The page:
A few reflections about life and death

As you may know, my father passed away very suddenly on April 26th. He was riding a motorcycle after just visiting the Hoover Dam. I was the first to find out.. and I was still in the airport having just gotten back from my month long trip in India.

It’s been exactly two months since that day. And as the time goes by, I do my best to constantly search for the lessons I am meant to learn throughout this process. Hopefully these reflections can benefit you in some way.

Up until now, during my relatively short time on the planet, I’ve had a very positive and perhaps sometimes naive outlook on life. Things have been relatively smooth for me. I’ve been given quite a lot, and have lived a privileged life. And so, I feel that perhaps the real way to discover oneself, to discover one’s authentic self, is to face the ultimate obstacles. The real me, or you, is who shows up during the hard times… it’s the getting back up when we’ve fallen. It’s how we rise, how we stand, and the choosing to truly walk and even run again.

With this in mind, I have realized that one of the greatest lessons that death can teach us is how to dig deeper, and get closer to the essence of who we truly are.

I have also done a great deal of contemplating about the perception of death in our society - mostly the western society. It is something that is feared. We fear it for ourselves and we fear it for our loved ones. Part of the reason for that is because our relationship to being alive is primarily dependent on our physical presence.

See, when I was in India, I noticed a fundamental difference in their way of being. There seemed to be a lightness and freedom about their overall energy. In general, they seemed to lack the significance that we place on on our physical life and possessions.

In their culture, death is not something to be feared. It’s meant to be celebrated… because a soul is lucky to move into a higher realm. It made me think of a time when I have woken up from a really great dream. In the dream I was hugging my father… and after I woke up, I closed my eyes again because I just want to go back into it and keep dreaming.

Maybe that’s what it like. Maybe that’s the place where the soul goes to be free and to be happy. Maybe this place called death, is that feeling in the dream.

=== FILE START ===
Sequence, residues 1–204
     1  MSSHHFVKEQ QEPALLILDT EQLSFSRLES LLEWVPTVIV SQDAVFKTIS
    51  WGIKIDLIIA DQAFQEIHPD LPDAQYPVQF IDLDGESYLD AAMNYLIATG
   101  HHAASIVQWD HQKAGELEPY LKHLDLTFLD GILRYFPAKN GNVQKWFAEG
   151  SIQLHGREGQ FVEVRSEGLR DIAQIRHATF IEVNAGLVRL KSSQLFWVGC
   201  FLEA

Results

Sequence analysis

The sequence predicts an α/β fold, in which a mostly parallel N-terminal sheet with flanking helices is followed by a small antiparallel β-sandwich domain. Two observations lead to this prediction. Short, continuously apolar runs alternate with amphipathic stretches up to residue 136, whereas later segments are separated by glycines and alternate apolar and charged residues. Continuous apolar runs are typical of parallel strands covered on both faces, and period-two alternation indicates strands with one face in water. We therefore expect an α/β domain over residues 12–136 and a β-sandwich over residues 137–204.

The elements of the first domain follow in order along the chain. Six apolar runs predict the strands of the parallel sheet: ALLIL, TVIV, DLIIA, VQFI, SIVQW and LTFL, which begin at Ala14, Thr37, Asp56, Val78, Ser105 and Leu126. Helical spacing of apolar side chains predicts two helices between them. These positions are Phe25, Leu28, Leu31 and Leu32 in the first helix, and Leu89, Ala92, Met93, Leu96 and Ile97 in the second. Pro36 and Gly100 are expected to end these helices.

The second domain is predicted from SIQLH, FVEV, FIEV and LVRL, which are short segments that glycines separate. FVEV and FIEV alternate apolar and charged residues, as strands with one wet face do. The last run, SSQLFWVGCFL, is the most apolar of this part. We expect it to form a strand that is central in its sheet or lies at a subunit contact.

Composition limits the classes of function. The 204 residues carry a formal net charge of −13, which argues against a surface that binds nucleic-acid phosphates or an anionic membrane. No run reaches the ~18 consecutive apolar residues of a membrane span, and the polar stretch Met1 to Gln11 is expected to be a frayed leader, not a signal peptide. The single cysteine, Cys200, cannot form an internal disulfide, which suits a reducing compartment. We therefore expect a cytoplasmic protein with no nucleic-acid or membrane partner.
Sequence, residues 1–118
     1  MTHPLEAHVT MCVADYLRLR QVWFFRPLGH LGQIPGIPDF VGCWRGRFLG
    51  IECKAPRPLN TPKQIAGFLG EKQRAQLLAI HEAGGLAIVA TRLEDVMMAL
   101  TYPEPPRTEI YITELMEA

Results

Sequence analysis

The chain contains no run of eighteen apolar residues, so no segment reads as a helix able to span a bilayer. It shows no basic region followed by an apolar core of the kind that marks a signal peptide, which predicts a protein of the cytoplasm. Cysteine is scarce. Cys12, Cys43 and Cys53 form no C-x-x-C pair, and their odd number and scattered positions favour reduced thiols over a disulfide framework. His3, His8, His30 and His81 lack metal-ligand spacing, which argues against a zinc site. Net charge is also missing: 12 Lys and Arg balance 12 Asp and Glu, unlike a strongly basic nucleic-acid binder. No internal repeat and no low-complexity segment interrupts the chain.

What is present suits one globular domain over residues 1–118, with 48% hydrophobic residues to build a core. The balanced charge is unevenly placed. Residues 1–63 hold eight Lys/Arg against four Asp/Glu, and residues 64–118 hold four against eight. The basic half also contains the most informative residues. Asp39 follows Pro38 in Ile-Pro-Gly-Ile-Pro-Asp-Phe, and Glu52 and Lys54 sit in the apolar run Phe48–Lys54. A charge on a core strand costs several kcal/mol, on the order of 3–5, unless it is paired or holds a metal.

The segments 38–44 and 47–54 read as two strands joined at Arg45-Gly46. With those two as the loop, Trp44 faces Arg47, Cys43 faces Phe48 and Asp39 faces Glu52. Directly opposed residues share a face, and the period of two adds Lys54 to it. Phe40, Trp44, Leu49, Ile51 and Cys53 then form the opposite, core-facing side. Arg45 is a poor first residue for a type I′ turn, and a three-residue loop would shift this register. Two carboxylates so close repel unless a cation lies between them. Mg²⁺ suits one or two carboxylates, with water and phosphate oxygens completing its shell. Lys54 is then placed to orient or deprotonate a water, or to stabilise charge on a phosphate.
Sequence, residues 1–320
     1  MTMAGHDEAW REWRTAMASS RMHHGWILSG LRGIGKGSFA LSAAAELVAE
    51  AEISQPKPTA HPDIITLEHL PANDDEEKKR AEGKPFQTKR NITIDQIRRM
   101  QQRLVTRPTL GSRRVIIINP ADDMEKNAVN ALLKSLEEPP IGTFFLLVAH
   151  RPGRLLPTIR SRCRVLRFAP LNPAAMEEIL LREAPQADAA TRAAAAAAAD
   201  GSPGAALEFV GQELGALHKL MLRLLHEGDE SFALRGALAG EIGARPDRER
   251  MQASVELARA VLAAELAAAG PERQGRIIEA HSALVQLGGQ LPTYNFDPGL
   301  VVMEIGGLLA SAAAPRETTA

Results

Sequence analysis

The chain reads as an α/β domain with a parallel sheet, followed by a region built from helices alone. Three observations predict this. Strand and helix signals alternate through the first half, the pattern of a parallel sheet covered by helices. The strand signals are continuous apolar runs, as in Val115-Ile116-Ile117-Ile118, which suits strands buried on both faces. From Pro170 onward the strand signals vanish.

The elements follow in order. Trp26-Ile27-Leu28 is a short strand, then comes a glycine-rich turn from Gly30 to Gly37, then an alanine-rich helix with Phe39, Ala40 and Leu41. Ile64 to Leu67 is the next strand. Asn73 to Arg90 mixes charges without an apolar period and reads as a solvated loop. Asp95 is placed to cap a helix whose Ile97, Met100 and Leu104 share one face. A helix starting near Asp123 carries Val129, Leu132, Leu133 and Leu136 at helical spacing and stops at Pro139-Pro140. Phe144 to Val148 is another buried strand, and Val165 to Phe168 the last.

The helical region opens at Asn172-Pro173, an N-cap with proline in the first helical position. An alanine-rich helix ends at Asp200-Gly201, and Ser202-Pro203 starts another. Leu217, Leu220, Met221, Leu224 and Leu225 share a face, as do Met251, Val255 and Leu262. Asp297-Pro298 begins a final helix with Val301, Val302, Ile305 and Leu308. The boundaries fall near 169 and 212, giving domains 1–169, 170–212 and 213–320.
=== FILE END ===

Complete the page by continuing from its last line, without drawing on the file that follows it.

So when we learn to place less significance on the physical body and realize that we are innately spiritual beings, the transition to death is not so significant. And we realize that “death” is merely a word we made up to describe the absence of the physical body.

Now, I don’t pretend to know the truth about any of this, but I do know that believing this and exploring this way of thinking has given me access to dealing with my father’s death, and my own humanity from a place of ease and of peace. 

This life on earth as we know it may only be the beginning, or a mere snapshot in the midst of eternity. I think we are here in order to experience being human as fully as we can. And in order to do that, it’s important that we realize that death is never very far away. Remembering this, helps us take action in areas of our life that truly matter to us.

I’m teaching a course with Deepak Chopra on October 17th. In our course, we ask that everyone take time to write down their legacy and bring it with them. Last year, I wrote mine (except I wrote it as a eulogy). It was long and very detailed. I pictured someone reading it at my memorial. I thought about who would show up to my funeral, what people would say about how I treated them, and the way I lived. The eulogy described adventures, accomplishments, and the relationships I had. I have re-read it many many times since then. It has helped me stay present to what’s most important to me. Give it a try and let me know what you think :)

With that said, I appreciate all of the love and support I’ve gotten over these past 2 months. I’m lucky to have had an endless amount of adventures with my father. There’s nothing I would change. And I know that he is here with me, in a new way, teaching me now more than ever.

I hope this note provides you with some insight or helps you see any challenge in a new light.